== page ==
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Parkzone T-28 vs Eflite T-28

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  • Parkzone T-28 vs Eflite T-28

    Been tearing my self apart when looking at these two planes.

    Why?

    -Well it's because of me being new, getting back in the hobby.
    -Space at the farm. We have a few natural areas where I've started to learn to descend/approach make a 90 degree turn and descend and land.
    Parkzone had going for it: Price, size (feel more comfortable with 1m planes), still had landing gear (I wonder how those pencil sticks fair in grass)

    Eflite is bigger, heavier, will buff the wind but more money. More riding on the line of cost if I down it. Yes, I don’t think highly of my skill set because of the mishaps I’ve had. I have a P47 which I buddy box with a friend, only flew it once. My p51 I flew many times but landings (nose overs) were a issue. Started learning and doing well with those here at the farm and one day lost my deprecation so it needs to be rebuilt. My skills are great with Timber, Cubs, etc (high wing planes). My Carbon Cub S I put a power 10 motor on it and has unlimited vertical.
    Flaps aren’t a deal breaker but landing gear are. I want a plane that will mimics what a real war bird needs to land like. I need to get use to landing with more speed and staying on the throttle.
    I have a parkzone Wildcat, which is one of my favorite planes because it's better for the area I feel like, gives me some error
    Planes
    -E-Flite: 1.2m P-47, Maule, Turbo Timber, 1.5m AT-6, 1.2m T-28, Dallas Doll, Viper, F-15, F-16, Wildcat, Carbon Cub -UMX: Mig-15, Pitts, Timber
    -FMS: Bae Hawk Motion: 1.6m Corsair, 850mm Mustang, 1.6m Spitfire Freewing: 1.7m A-10, F-22,

  • #2
    TG65..........Comparing the Parkzone to the Eflite is apple/orange .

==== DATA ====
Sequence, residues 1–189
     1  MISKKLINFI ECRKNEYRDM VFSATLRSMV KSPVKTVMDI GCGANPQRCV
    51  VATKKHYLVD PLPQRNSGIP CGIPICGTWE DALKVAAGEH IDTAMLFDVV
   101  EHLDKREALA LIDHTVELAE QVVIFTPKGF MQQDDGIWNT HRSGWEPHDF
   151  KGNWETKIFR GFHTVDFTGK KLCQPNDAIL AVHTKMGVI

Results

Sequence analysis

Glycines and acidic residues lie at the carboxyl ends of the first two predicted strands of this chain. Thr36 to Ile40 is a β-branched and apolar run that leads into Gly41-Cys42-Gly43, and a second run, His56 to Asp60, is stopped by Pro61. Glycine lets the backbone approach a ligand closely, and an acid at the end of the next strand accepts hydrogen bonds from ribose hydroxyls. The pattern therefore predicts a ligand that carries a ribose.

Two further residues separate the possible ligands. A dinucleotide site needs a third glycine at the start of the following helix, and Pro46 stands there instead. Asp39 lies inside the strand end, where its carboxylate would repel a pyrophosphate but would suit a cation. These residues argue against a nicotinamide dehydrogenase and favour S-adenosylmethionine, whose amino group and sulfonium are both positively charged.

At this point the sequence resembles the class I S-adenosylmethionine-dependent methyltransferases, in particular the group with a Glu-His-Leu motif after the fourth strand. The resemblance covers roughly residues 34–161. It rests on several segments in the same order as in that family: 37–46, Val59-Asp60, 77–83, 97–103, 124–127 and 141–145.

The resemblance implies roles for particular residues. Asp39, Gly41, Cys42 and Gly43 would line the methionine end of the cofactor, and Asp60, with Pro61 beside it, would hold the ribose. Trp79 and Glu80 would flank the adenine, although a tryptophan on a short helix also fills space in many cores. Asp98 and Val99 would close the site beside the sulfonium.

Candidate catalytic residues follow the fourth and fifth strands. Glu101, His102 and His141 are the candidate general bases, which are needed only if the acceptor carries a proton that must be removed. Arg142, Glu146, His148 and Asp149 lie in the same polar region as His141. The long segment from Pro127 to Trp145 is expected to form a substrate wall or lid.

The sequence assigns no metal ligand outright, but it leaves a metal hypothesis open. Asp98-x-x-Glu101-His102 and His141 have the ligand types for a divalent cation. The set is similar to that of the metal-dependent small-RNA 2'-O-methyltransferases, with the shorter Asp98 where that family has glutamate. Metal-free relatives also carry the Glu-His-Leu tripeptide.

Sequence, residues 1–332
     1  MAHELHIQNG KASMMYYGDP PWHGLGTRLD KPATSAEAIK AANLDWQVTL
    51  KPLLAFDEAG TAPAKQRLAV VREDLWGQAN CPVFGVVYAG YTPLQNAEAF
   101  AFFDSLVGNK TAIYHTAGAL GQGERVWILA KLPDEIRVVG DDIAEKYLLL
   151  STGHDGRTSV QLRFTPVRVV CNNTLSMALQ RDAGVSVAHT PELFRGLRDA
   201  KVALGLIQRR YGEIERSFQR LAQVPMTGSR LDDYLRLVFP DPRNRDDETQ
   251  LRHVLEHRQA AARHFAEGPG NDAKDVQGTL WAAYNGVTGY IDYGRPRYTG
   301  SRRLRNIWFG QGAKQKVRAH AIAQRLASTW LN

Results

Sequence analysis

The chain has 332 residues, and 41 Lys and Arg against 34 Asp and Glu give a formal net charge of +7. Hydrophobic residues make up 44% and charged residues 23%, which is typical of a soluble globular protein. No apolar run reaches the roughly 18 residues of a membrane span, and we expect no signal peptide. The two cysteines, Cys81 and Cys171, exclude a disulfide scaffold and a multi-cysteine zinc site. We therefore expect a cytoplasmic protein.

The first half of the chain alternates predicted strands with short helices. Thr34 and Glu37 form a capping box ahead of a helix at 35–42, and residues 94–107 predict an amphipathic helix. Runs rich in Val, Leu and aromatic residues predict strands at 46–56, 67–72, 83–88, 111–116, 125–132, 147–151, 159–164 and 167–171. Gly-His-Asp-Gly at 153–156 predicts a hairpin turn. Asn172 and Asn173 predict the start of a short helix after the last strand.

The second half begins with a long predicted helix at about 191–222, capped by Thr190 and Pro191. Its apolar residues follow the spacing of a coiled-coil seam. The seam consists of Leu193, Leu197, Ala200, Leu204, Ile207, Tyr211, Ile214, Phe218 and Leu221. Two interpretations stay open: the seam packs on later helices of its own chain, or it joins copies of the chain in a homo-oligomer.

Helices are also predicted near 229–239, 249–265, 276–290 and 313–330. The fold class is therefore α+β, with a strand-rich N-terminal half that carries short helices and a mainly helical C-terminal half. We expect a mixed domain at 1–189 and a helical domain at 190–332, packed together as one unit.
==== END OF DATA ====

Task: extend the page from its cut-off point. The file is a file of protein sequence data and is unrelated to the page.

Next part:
Yeah the Eflite is $130 more but it also has all the warbird features you are gonna want like flaps and retracts.
    Don't overlook the Dynam version which is priced about $40 more than the PZ and $90 less than the EF and basically has all the features that the Eflite has.
    The Dynam is the trike warbird trainer that I promoted as entry level to several newer pilots at my old club and it took the abuse that it got handed very well.
    Warbird Charlie
    HSD Skyraider; FlightLine: Sea Fury; FMS 1400: P-40B, P-51, F4U, F6F, T-28, P-40E, 1700 F4U and a Fox glider; Freewing: A-6, P-51; VQ: P-39; Dynam: ME-262, FW-190, Waco; ASM A-26; ESM F7F-3; LX PBJ-1
    Incinerator Loss 16

    Comment


    • #3
      Thought the general imporess of the Dynam is, well it's cheap to put it bluntly.
      Planes
      -E-Flite: 1.2m P-47, Maule, Turbo Timber, 1.5m AT-6, 1.2m T-28, Dallas Doll, Viper, F-15, F-16, Wildcat, Carbon Cub -UMX: Mig-15, Pitts, Timber
      -FMS: Bae Hawk Motion: 1.6m Corsair, 850mm Mustang, 1.6m Spitfire Freewing: 1.7m A-10, F-22,

      Comment


      • #4
        Originally posted by thisguy65 View Post
        Thought the general imporess of the Dynam is, well it's cheap to put it bluntly.
        Then you won't be happy with the PZ also, the Dynam is actually better than it.
        The Dynam's are "economical" and actually are a good value for folks that are concerned with costs.
        Warbird Charlie
        HSD Skyraider; FlightLine: Sea Fury; FMS 1400: P-40B, P-51, F4U, F6F, T-28, P-40E, 1700 F4U and a Fox glider; Freewing: A-6, P-51; VQ: P-39; Dynam: ME-262, FW-190, Waco; ASM A-26; ESM F7F-3; LX PBJ-1
        Incinerator Loss 16

        Comment


        • #5
          I've got a parkzone wildcat and been really happy with it. I did end up picking up a PZ T-28 today. Couldn't pass it up for the price. Pretty fun plane, but it loves to float for a low wing.
          Planes
          -E-Flite: 1.2m P-47, Maule, Turbo Timber, 1.5m AT-6, 1.2m T-28, Dallas Doll, Viper, F-15, F-16, Wildcat, Carbon Cub -UMX: Mig-15, Pitts, Timber
          -FMS: Bae Hawk Motion: 1.6m Corsair, 850mm Mustang, 1.6m Spitfire Freewing: 1.7m A-10, F-22,

          Comment


          • #6
            Two very nice little planes indeed.

            Comment


            • #7
              A T-28 in any size is a winner IMO. My very first plane was the FMS 55" and it's still one of my favorite planes.

              Comment


              • #8